Don’t Worry Darling IMAX: The Experience
This is a different type of review. Don’t Worry Darling IMAX, the live experience took place in over 100 IMAX theatres in North America. Imagine selling out at 21 IMAX locations within 24 hours and less than two weeks before the event. This was quite impressive if you consider the sheer coordination it took to launch this event. The film and experience was brought to you by New Line Cinema and Warner Bros Discovery. Whilst the press touted this event as a live Q&A, the actual duration was about 15 minutes, with only two audience questions that preceded the film.
One of the reasons you definitely want to see a film with an audience is the reaction. We attended plenty of film festivals and markets, including Venice. Red carpets are fun, but the reactions from theatre goers are priceless. During the Q&A, for instance, Harry Styles response to what drew him to the film was a hoot. “Mood boards.” Indeed, the uni girls favourite cast member got huge uproarious giggles. Matter of fact, It must have been “uni night” at all the IMAX theatres where GB Media staff were present.
Don’t Worry Darling IMAX: The Access
As part of the Gabrielle Bourne (GB) Media family, none of our staff members pay to attend screenings and premiers. This IMAX experience, however, came courtesy of American Express for Centurion (black card) and Platinum card holders. Each account allowed four staff members to attend the events, including the cast screening at NYC. Our collaborative history with American Express has allowed access to many interesting experiences, but we are also thankful to Warner Bros. Discovery for creating these IMAX events. Here is how our clients and associates can gain access.
With this stated, we don’t believe that IMAX will give you anything unique when viewing this film. We will explain further.
The Spoiler Alert
During the Q&A, director Olivia Wilde claimed
The film was engineered from the beginning for this kind of experience. It should feel really visceral, it should feel like you’re inside. You should absolutely experience the sound design on another level. It’s the way we dreamed you would experience it.
Yet, most of us didn’t. Unlike Don’t Worry Darling, films like Everest (1998) or even Top Gun: Maverick (2022) were exceptional candidates for the IMAX experience. The aerial G-force alone was enough to “lose your lunch”. Comparatively, Wilde stated that this film was inspired by “The Truman Show” and “The Stepford Wives”. As far as our experience goes, we thought the film was similar to “Surrogates”, as well.
Let’s first address the elephant in the room. Harry Styles (Jack Chambers) does have a British accent in the film, but Florence Pugh (Alice Chambers) does not. Not only is Styles British in real life, so is his character inside the fantasy world called Victory. Many of us Expats have developed a “Continental”, “Trans-Atlantic”, “Mid-Atlantic” or muted accent, that might sound strange, but we can assure you Styles is not a Brit trying to play American. The film reveals this bit of character development, when we discover the truth about Victory and its residents. Here is the spoiler, Victory doesn’t exist. This ends up being a big reveal, as the film reaches the climax and conclusion.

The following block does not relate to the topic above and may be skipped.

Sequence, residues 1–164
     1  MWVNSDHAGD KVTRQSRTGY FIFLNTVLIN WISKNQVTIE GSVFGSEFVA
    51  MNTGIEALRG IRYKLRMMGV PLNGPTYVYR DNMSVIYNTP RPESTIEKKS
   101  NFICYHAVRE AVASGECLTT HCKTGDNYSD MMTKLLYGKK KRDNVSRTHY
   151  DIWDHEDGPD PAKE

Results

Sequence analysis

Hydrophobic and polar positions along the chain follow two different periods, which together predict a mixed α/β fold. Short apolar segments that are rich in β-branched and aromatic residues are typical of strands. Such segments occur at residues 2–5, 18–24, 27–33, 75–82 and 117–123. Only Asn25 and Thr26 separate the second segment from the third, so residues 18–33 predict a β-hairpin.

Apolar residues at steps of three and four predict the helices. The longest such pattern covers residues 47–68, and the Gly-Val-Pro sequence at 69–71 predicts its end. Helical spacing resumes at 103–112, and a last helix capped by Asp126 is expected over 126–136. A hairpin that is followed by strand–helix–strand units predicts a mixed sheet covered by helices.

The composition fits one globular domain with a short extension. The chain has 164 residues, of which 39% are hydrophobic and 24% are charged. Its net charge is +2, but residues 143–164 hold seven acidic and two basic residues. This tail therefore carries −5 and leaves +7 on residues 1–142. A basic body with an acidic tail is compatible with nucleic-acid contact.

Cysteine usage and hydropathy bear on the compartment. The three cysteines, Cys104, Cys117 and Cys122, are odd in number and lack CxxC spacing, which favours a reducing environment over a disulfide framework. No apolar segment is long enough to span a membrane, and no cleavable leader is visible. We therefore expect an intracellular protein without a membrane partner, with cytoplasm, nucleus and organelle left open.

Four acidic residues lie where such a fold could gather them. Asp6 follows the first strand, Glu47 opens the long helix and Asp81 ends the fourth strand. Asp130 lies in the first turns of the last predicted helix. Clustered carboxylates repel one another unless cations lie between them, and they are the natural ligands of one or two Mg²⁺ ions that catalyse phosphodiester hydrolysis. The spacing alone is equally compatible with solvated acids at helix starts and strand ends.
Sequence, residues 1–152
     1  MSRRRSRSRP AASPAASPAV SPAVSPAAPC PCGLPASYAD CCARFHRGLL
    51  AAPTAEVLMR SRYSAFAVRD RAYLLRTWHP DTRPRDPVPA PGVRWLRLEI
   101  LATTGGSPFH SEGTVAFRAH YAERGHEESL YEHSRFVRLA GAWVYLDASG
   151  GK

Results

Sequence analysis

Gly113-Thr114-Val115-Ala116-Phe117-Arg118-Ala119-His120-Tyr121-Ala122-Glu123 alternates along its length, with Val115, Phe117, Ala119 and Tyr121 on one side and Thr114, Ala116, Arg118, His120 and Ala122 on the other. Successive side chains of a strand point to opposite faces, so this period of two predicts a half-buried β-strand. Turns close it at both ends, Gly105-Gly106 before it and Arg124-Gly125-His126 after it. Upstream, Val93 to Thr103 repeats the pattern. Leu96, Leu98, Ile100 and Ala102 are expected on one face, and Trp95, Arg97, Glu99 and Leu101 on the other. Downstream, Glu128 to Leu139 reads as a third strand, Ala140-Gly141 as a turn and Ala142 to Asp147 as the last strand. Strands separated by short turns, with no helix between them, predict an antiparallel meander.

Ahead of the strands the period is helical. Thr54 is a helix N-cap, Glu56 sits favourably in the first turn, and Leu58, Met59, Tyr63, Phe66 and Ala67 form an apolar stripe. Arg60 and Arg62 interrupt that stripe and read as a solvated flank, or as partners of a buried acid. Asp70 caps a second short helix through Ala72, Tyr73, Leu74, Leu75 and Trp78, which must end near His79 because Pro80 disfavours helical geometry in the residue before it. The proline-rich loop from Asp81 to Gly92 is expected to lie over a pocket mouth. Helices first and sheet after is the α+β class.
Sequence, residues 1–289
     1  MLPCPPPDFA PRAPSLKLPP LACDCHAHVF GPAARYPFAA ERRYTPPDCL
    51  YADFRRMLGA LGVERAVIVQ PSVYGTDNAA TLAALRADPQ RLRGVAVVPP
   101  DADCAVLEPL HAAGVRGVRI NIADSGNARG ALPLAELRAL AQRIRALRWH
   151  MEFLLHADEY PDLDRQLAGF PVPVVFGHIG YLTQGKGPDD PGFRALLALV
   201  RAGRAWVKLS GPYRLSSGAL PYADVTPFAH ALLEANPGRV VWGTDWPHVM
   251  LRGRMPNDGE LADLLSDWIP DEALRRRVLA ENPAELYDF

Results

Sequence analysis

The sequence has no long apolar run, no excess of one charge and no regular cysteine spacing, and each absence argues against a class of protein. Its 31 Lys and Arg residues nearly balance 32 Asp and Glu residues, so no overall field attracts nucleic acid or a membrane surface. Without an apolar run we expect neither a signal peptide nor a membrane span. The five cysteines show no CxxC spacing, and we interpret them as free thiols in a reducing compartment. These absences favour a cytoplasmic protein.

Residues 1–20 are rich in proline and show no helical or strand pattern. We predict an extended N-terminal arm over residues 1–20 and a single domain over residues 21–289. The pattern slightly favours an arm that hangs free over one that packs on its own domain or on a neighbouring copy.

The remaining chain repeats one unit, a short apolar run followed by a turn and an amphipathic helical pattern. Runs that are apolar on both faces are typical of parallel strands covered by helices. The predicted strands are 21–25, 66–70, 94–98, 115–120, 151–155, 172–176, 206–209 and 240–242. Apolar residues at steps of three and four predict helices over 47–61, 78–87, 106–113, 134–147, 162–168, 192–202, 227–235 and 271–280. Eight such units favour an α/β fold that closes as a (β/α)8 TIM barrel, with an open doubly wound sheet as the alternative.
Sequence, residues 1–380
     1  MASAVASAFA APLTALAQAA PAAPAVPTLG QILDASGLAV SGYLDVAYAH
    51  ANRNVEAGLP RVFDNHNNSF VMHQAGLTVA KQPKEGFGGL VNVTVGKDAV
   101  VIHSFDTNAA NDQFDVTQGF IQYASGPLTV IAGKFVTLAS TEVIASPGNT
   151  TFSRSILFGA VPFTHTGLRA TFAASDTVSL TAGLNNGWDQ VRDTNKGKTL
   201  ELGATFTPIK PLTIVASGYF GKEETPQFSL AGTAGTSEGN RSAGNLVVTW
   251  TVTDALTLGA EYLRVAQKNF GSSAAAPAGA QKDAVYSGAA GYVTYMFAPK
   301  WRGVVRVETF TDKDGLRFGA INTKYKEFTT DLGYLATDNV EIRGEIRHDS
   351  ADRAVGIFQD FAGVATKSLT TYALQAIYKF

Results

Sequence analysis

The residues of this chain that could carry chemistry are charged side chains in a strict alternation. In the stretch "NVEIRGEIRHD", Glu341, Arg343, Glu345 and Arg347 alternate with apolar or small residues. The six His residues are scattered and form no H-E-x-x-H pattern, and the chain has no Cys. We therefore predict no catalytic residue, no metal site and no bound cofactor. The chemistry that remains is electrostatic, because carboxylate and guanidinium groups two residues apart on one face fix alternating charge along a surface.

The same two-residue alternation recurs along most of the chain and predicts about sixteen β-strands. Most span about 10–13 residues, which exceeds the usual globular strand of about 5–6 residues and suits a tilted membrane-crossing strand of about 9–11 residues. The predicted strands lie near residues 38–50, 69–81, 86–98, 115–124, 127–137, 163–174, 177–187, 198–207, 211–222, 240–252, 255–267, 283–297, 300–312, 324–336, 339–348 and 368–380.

A Wilde Ride! Don’t Blink
Olivia Wilde was correct. She told the audience, “don’t blink”. If you do, you will miss it. The film is part mystery, but also a well crafted psychological thriller. There is a reason Florence Pugh can carry a film, and why she can captivate an audience. She is brilliant in this role. She takes the audience on a journey to uncover disturbing truths about Victory. For instance, why do all the couples in Victory have identical stories of how they met? Olivia Wilde, who is also in the film, appears to be the only female character in Victory, who knows the truth. But how and why? Unfortunately, we never find out.
The Through line
Personal choice and control are at the heart of the film. As we learn, personal choice was removed from the equation for the wives. The only exception, of course, is that of Olivia Wilde’s character (Bunny), as we find out near the end. The circa is 1950s, albeit some of the clothing choices, hairstyles and automobiles could be circa 1960s. This era was deliberately set for Victory because of what it represented and the dynamics between the male and female roles of the time. We discover that Victory is a male dominated society, built and created by men for the ideal man. The ideal woman was a dutiful wife, who kept house, cooked and pleased her man.
If you enjoy psychological thrillers, with mystery and a twist, this film is for you. Whilst the film starts out strong and keeps you engaged, the ending was a bit of a let down. Ok, here comes another spoiler. So after wrecking her car and finally making it up the mountain, whilst being chased by men in red janitorial suits, the Protagonist, Alice Chambers touches the dark glass of this building structure, and the film fades out with her *SIGH*. Is it a deep breath, such as a release…or was she gasping for air as she wakes up? We don’t know because the film just ends.
Whilst not enough material, we don’t think, for a sequel, the film’s ending tells the audience to draw your own conclusions.
Don’t Worry Darling will have a wider release in theatres on 23rd September. Whilst there has been a lot of cast ‘drama’, both Florence Pugh and Chris Pines (Frank) put up a united front when they explained their absence from the IMAX NYC cast screening. Why else would Uber celebrities miss a cast event? They were in production on other projects of course!